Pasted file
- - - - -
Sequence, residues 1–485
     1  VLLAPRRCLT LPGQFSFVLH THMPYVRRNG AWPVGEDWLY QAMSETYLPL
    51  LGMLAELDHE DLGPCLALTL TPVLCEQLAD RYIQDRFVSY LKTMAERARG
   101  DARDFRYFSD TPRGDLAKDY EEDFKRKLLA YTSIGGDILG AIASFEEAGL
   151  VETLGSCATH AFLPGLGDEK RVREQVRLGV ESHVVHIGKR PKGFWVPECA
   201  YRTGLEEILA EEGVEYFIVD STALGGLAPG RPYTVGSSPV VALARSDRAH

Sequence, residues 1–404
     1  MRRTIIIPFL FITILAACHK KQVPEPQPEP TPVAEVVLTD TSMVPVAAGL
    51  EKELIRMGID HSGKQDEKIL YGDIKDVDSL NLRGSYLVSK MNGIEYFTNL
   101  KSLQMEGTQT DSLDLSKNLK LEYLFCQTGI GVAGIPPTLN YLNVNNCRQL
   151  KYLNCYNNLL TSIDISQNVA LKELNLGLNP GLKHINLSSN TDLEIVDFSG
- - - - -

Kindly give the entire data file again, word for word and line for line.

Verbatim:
Sequence, residues 1–485
     1  VLLAPRRCLT LPGQFSFVLH THMPYVRRNG AWPVGEDWLY QAMSETYLPL
    51  LGMLAELDHE DLGPCLALTL TPVLCEQLAD RYIQDRFVSY LKTMAERARG
   101  DARDFRYFSD TPRGDLAKDY EEDFKRKLLA YTSIGGDILG AIASFEEAGL
   151  VETLGSCATH AFLPGLGDEK RVREQVRLGV ESHVVHIGKR PKGFWVPECA
   201  YRTGLEEILA EEGVEYFIVD STALGGLAPG RPYTVGSSPV VALARSDRAH

Sequence, residues 1–404
     1  MRRTIIIPFL FITILAACHK KQVPEPQPEP TPVAEVVLTD TSMVPVAAGL
    51  EKELIRMGID HSGKQDEKIL YGDIKDVDSL NLRGSYLVSK MNGIEYFTNL
   101  KSLQMEGTQT DSLDLSKNLK LEYLFCQTGI GVAGIPPTLN YLNVNNCRQL
   151  KYLNCYNNLL TSIDISQNVA LKELNLGLNP GLKHINLSSN TDLEIVDFSG